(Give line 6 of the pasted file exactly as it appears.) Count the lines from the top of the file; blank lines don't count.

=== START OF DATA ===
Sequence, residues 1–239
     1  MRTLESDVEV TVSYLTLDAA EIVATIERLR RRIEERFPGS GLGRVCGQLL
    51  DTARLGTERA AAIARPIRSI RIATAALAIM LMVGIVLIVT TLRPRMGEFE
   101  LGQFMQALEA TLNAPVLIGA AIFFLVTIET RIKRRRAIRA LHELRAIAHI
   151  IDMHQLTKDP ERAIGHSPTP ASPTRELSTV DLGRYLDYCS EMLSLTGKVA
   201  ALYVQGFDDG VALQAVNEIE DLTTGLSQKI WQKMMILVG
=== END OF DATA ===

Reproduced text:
   201  ALYVQGFDDG VALQAVNEIE DLTTGLSQKI WQKMMILVG